Linda Villarosa loves numbers. As a veteran journalist, activist, educator, and award-winning author, the data she has spent years acquiring is central not only to her work, but to the health of Black Americans.
“I’m a numbers nerd,” Villarosa shared with a packed audience at Chapman University’s Musco Center for the Arts. “I’m good with that.”
Villarosa spoke on her book, Under the Skin: The Hidden Toll of Racism on Health in America, on Sept. 26 as a part of the Wilkinson College of Arts, Humanities and Social Sciences’ Engaging the World series. ETW focuses on a different social issue every year – the theme for 2023 is “Leading the Conversation on Health Equity,” with Crean College of Health and Behavioral Sciences as a co-sponsor.
“People dying is expensive,” Villarosa told the audience, her response to the often-heard argument that it would cost too much to make changes to the healthcare system.
“It’s a system that is broken. There are not enough Black doctors. If there is a dearth of Black physicians, that is a problem,” said Villarosa. “Until we can fix the institution that is America, we have to take care of ourselves as individuals while we continue to fight discrimination.”
“Each year, we select a major figure who is moving the needle on social justice as our keynote speaker for our Engaging the World: Leading the Conversation series. This year for our health equity theme we selected Professor Villarosa because her journalistic investigations have been hugely influential in shining a light on the racial stereotypes and bias within the healthcare system that have become a life or death issue for people of color in the United States,” noted Wilkinson College Dean Jennifer D. Keene.
“When Villarosa spoke about her Black neighbor that needed to take a signed copy of Under The Skin with her to the hospital just to be taken seriously, it really emphasized to me the added obstacles in place for Black people in our healthcare system,” said Lauren Moyle (Creative Writing/History ‘24)
“Villarosa’s ability to shed light on a topic that is difficult to discuss and has never truly been taken in a positive light, is something to recognize wholeheartedly,” said Kaitlyn Clark (Psychology ‘26), who read Under the Skin and attended the event along with the rest of her class. “She truly made me feel heard…Linda Villarosa exemplifies everything I hope to be when I am older.”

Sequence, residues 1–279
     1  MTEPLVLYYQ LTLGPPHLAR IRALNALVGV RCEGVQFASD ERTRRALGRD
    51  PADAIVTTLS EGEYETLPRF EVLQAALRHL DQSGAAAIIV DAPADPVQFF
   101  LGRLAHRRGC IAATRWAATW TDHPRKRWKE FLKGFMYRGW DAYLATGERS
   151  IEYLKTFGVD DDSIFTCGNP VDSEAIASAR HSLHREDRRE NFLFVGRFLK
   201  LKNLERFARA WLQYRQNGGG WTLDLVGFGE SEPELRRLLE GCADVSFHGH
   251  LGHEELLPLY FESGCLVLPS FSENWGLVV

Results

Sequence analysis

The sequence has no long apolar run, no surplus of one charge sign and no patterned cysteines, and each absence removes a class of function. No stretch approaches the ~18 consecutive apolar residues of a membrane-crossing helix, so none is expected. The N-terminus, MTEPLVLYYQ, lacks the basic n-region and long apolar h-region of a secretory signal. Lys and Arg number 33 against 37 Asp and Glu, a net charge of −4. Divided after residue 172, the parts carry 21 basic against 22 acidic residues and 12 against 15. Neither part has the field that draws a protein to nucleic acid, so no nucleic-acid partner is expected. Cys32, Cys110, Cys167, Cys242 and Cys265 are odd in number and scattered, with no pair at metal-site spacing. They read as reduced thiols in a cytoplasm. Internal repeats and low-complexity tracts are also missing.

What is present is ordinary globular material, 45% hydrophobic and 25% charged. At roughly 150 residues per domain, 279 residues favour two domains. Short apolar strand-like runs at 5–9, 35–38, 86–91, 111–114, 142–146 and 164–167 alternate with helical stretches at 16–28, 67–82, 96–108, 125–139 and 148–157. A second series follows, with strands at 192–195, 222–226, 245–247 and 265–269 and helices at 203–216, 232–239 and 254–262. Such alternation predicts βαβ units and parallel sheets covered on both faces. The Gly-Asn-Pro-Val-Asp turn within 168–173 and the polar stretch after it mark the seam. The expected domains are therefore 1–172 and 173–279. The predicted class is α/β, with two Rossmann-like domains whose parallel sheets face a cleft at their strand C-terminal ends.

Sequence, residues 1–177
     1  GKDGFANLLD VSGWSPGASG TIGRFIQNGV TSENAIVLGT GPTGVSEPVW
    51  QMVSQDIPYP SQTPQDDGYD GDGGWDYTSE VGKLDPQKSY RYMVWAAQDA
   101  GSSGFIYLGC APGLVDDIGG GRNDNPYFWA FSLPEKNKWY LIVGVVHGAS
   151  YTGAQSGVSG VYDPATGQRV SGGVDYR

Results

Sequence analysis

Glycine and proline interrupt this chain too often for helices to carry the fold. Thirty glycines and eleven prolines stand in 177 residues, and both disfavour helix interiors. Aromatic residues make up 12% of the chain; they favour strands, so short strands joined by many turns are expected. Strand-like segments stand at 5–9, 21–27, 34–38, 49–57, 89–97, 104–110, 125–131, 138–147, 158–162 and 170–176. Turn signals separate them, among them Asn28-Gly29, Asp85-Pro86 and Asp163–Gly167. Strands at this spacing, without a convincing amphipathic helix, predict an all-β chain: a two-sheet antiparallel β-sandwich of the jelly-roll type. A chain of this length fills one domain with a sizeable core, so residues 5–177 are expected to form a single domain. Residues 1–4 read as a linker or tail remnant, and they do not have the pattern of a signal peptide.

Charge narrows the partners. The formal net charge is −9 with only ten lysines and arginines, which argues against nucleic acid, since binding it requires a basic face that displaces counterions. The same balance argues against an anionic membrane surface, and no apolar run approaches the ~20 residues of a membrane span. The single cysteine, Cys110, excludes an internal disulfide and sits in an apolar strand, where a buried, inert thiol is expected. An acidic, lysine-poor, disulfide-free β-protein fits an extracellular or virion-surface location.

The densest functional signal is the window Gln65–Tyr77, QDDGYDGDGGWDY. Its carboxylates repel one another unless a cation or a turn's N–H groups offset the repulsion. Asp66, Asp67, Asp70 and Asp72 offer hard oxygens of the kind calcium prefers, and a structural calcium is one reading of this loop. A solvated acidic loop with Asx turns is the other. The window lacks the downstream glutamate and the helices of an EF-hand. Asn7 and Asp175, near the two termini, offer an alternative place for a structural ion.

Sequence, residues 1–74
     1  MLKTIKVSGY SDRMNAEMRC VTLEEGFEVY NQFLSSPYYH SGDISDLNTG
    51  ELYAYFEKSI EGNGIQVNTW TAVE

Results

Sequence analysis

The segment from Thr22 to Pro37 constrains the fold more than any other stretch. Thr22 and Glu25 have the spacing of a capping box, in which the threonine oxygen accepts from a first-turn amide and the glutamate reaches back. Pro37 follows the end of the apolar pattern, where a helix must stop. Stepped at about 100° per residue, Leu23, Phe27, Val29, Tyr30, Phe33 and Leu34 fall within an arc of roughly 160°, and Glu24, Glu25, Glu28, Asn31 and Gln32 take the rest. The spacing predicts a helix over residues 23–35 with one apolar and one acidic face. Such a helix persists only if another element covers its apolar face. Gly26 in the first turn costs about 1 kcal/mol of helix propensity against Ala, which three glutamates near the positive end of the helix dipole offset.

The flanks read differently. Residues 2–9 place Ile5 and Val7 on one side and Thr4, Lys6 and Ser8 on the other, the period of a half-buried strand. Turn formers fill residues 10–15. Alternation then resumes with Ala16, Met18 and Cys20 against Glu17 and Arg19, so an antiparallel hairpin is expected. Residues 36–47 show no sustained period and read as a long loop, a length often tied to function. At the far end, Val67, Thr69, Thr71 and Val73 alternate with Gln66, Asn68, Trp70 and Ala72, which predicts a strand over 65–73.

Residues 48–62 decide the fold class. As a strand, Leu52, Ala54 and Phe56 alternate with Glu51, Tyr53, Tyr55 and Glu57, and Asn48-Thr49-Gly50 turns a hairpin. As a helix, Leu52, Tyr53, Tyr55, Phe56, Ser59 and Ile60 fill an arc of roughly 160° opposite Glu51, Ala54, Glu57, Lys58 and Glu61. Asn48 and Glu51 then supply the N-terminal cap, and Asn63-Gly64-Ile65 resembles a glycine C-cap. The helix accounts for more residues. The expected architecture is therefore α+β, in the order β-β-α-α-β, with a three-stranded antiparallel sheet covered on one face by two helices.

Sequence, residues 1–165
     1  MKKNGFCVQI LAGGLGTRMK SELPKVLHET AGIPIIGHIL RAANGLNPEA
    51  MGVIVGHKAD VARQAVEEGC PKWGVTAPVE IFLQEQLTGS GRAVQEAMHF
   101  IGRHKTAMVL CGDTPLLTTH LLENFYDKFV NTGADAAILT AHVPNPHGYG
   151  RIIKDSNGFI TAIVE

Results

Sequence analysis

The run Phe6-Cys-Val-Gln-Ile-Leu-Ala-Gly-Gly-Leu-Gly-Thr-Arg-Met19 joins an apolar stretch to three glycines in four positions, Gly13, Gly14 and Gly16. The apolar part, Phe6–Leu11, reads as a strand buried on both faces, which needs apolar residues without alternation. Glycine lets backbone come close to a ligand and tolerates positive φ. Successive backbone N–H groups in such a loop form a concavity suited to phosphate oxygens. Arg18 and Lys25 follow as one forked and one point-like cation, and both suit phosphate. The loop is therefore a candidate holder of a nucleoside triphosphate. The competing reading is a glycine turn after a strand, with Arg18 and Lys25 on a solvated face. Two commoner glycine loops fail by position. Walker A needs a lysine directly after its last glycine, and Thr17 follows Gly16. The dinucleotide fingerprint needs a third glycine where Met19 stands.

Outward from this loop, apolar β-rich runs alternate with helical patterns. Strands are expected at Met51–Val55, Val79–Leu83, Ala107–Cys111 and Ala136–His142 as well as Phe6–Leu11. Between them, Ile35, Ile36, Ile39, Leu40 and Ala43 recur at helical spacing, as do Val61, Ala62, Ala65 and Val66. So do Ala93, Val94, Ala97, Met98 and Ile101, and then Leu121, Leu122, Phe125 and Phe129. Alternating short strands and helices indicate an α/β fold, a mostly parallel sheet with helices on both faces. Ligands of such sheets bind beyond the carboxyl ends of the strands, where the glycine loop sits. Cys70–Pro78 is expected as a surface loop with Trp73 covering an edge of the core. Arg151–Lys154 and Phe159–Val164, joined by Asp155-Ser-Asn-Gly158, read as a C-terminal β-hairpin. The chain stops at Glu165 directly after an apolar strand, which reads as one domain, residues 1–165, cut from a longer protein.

The issue of health inequity in the United States and the too often-unrecognized racism that fuels it is the throughline of Villarosa’s book and lecture.
“Even if you are living it, you don’t always want to talk about it. Because it hurts,” Villarosa said.
Health disparities between Black and white Americans have been treated as a mystery, explained away as solely an issue of class and education, or attributed to myths about Black bodies. Under the Skin—and all Villarosa’s work—reveals that the impact of racism on daily life, medical ignorance and discrimination, environmental racism, and government neglect are the real cause behind the suffering of Black Americans.
“Yes, as far as health goes, socioeconomic status and education matter, but they are not the whole story,” Villarosa writes in Under the Skin “The lived experience of being Black in America, regardless of income and education, also affects health.”
“This is really why I started to write my book,” Villarosa explained. In her lecture, she presented the fact that Black people are 3 to 4 times more likely to die related to pregnancy and childbirth than white people. Black babies are 2.4 times more likely to pass away before age one, and a Black person with a college degree is more likely to die in childbirth than their white counterpart with an 8th grade education or less.
The most common explanation for these disparities, she noted, is blame, and the blame is twofold. One, it is believed that there is something different about Black bodies that is causing the issue. Two, it is believed that Black people are doing something wrong to create poor health outcomes.
“Myths about Black bodies are a remnant from slavery,” said Villarosa. “The idea that we as a demographic are doing something wrong, was used to justify the cruelties that were enriching our nation…This has nothing to do with us as people. We did nothing wrong. This is a systemic, institutional problem.”
Racism, Villarosa presented, is a risk marker for discrimination, ill treatment, disruption, fear and stress that shortens lives and also makes pregnancy and childbirth dangerous. “Weathering,” as she explained, is a phenomenon conceptualized by Arline Geronimus (a public health researcher at the University of Michigan) that explains how racial, gender, and other inequalities fuel a chronic, stress related, accelerated aging. It is “weathering” that Villarosa believes caused her experience with intrauterine growth restriction, and the premature birth of her daughter, during what should have been a normal, healthy pregnancy.
It is discrimination in the health care system itself that she pointed to as being particularly harmful to Black people. Unequal Treatment, published in 2003 by the National Academy of Sciences, she explained, found widespread bias against Black patients and other patients of color after looking at 483 different studies.
Villarosa’s face lit up as she pointed to the final slide of her presentation—images of her pre-med students at The City University of New York. It is their vision for the future of healthcare that gives her hope and keeps her optimistic.
“I am so proud to be a part of their growth.We have to support them. We can’t leave them out there by themselves. We have to support the activism happening now.”
(Header photo by: Ava Brandt)